In the News: MARMOTS!
Fuzzy rodents of the Rocky Mountains are giving scientists a hint of how hormone-mimicking chemicals can mess with animals’ reproduction.
Two new studies involving yellow-bellied marmots reveal that just slight changes in the animals’ natural exposure to testosterone has profound effects on their lives, according to Daniel Blumstein, a behavioral biologist at the University of California, Los Angeles.
For instance, female marmots exposed to more testosterone in the womb were less likely to survive their first hibernation, more likely to disperse, and less likely to become pregnant and wean young, the studies found. These “masculinized females” also acted more male by being more gregarious with other marmots, initiating more play and grooming sessions.
All this simply because the females happened to grow next to their brothers, which can essentially “leak” testosterone as part of the natural defeminization process in the uterus, Blumstein said.
To identify these male-like females, the scientists captured marmots in Colorado and measured the animals’ anogenital distances—or the lengths between the anus and genitals. Females exposed to more testosterone had longer anogenital distances than non-exposed females, he said. Such effects are more pronounced in females than males, as males start out with estrogen but lose the hormone as they develop.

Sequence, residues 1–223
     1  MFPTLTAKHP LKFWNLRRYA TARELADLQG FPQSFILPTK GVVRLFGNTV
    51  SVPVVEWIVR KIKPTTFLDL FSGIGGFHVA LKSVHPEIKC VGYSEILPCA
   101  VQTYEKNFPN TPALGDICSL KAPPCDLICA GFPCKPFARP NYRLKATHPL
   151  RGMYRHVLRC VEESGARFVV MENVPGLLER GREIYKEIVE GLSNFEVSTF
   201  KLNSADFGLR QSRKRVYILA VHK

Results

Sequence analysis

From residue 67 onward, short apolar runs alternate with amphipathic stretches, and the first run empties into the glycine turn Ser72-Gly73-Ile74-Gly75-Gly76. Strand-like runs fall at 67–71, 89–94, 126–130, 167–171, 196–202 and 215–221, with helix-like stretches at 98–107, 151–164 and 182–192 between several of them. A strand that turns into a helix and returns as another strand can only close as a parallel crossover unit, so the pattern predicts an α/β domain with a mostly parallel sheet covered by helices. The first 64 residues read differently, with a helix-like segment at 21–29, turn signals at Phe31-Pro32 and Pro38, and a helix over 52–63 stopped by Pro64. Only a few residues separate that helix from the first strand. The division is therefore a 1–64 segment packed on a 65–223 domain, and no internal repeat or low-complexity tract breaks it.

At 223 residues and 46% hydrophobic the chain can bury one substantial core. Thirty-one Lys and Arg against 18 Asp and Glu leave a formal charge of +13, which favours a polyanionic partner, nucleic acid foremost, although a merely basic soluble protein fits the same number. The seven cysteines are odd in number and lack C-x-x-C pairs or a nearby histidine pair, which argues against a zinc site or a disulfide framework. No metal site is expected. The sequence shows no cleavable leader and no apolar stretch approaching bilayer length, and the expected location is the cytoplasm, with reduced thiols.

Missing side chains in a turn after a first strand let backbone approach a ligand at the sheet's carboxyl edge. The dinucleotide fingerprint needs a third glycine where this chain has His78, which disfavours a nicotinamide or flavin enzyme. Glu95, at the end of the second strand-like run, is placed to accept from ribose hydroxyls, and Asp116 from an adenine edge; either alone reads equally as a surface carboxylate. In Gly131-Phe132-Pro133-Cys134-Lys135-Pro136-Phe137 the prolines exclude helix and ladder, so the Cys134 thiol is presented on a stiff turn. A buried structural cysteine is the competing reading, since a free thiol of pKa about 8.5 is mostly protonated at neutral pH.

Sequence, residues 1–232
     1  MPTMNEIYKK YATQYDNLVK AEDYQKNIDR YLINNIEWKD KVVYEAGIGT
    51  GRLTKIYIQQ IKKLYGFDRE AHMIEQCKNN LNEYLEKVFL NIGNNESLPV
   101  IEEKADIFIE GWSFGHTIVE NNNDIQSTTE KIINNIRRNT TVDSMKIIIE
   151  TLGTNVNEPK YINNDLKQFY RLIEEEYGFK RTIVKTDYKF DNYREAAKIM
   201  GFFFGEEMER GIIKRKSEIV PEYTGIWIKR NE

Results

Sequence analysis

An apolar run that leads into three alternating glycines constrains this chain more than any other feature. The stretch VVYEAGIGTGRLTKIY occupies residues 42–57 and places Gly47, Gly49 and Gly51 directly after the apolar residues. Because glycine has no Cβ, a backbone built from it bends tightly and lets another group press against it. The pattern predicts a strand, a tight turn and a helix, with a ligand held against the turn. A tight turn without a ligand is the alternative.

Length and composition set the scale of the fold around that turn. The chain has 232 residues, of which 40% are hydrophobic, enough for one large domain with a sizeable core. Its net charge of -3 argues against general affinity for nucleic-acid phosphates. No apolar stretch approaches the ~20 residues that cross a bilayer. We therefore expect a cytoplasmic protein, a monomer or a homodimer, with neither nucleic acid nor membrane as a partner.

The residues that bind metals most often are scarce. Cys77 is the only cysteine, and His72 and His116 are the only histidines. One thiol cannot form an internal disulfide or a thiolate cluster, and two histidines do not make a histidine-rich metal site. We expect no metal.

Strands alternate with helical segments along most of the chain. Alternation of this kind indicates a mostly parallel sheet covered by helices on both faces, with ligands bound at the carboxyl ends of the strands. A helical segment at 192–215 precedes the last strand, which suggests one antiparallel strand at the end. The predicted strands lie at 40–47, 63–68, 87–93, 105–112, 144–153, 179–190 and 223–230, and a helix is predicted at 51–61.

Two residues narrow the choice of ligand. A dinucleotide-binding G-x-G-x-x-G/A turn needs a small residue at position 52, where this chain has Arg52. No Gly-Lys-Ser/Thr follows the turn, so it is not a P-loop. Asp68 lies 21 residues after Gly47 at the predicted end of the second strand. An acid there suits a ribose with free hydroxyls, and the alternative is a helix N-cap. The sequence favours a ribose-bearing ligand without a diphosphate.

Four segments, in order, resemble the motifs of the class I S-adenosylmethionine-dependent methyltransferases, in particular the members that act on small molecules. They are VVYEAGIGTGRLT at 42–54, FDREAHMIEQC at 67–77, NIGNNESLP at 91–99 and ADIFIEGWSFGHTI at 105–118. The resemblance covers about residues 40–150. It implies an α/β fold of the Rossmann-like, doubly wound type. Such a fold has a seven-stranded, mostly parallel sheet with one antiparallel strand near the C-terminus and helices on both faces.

But why the concern? There’ve been a slew of recent studies, mostly in the laboratory, about the impacts of so-called endocrine disruptors. Those are chemicals—such as those found in some plastics—that mimic estrogen or other sex hormones in the body, which can cause reproductive mutations in some animals.
For instance, studies have shown that weed killers make male frogs lay eggs or that mercury can cause birds to act homosexual. An ingredient in some plastics and other products, bisphenol-A, has also been linked to heart disease in people.
Blumstein emphasized that the scientists didn’t expose marmots to endocrine disruptors or study if the animals are being somehow exposed.
Instead, the research is a sort of a “natural grounding”—an “eye-popping” example of how exquisitely sensitive nature can be, even to minor fluctuations in hormones, he said.
It’s “taking two steps back, [and saying], Wow, this should be a wakeup call for how we’re using and dumping these endocrine disruptors.”